Despite the talk, since Kyle’s arrival, Radford University has secured approval and funding for more than $200 million in capital projects, with new construction including the state-of-the-art Covington Center for Visual and Performing Arts. The university has also renovated three major campus buildings, and Kyle has unpacked more plans for a new student fitness and wellness center, a new sciences building and new residence halls. In turn, she has pushed to have the university award its first doctoral degrees in counseling psychology and nursing practice. It has also gained approval for an additional doctorate in physical therapy and a master’s degree in occupational therapy. Kyle recently signed on for another five years, which will keep her at Radford through 2018, at least.
Listed four years in a row by the Princeton Review as one of the best colleges in the Southeast and named by U.S. News and World Report in 2010 as among the nation’s “top up and coming schools,” the 9,500-student university has also instituted sustainability policies that have placed Radford among the nation’s top green universities. (In 2009, Kyle signed the American College and University Presidents’ Climate Commitment, pledging to help make Radford University a sustainable and environmentally friendly campus.)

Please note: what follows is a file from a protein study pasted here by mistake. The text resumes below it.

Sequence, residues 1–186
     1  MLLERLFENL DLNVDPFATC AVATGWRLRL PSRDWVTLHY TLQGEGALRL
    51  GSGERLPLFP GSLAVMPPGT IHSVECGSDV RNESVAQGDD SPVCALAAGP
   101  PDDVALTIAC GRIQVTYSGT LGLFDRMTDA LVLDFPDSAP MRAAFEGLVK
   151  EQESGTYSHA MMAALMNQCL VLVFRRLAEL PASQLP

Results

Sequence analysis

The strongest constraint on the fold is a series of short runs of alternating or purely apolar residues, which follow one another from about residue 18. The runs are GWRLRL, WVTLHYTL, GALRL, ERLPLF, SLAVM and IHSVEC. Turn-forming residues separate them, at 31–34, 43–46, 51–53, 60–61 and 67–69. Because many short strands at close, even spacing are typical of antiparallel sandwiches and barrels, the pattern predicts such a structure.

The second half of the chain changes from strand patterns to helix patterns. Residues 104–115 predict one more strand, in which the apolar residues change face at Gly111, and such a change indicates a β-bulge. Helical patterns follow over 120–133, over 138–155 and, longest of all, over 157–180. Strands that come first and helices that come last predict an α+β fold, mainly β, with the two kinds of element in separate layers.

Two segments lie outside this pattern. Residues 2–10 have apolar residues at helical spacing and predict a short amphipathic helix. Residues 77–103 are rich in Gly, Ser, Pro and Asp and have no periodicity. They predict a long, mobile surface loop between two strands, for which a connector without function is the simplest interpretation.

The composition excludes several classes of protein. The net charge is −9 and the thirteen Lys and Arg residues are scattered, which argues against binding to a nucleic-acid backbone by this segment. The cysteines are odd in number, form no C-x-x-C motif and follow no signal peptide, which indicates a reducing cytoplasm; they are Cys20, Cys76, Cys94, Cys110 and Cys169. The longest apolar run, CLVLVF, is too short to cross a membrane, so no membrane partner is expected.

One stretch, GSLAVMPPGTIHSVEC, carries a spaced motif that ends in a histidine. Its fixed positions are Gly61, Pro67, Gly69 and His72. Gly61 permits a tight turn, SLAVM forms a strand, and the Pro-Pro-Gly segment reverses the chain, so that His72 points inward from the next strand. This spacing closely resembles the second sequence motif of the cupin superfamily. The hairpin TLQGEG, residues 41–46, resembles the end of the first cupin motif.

Despite these successes, some teachers at Radford may not have warmed to Kyle’s style—and may never. Perhaps that’s just because they don’t understand her, suggests Dr. Joseph Scartelli, Radford’s dean of visual and performing arts. “She’s very intelligent and very politically astute. She knows how to connect,” says Scartelli, who has been at Radford since 1981 and worked with three presidents. “And it’s not who she knows; it’s who she doesn’t know.”
Inspired by Kyle’s energy, Katherine Hawkins, Radford’s dean of humanities and behavioral sciences, came from South Carolina’s Clemson University in 2011 to join the faculty. “She’s a visionary. She is so persistent,” Hawkins says. “Once she decides, ‘I’m going after that goal,’ she figures out a way to make that happen. .… She just plows ahead. I’m just so impressed by that. She’s the kind of person that you hear her speak, and you just want to jump up and scream, ‘Hooray! I want to follow that person.’ She’s that charismatic.”